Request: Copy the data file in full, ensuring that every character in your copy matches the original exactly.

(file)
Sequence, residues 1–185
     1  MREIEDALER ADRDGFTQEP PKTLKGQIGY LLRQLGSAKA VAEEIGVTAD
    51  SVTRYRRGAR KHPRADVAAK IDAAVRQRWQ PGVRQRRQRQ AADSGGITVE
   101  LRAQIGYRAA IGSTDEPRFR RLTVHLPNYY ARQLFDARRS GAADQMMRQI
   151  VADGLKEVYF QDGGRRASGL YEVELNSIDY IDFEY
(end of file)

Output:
Sequence, residues 1–185
     1  MREIEDALER ADRDGFTQEP PKTLKGQIGY LLRQLGSAKA VAEEIGVTAD
    51  SVTRYRRGAR KHPRADVAAK IDAAVRQRWQ PGVRQRRQRQ AADSGGITVE
   101  LRAQIGYRAA IGSTDEPRFR RLTVHLPNYY ARQLFDARRS GAADQMMRQI
   151  VADGLKEVYF QDGGRRASGL YEVELNSIDY IDFEY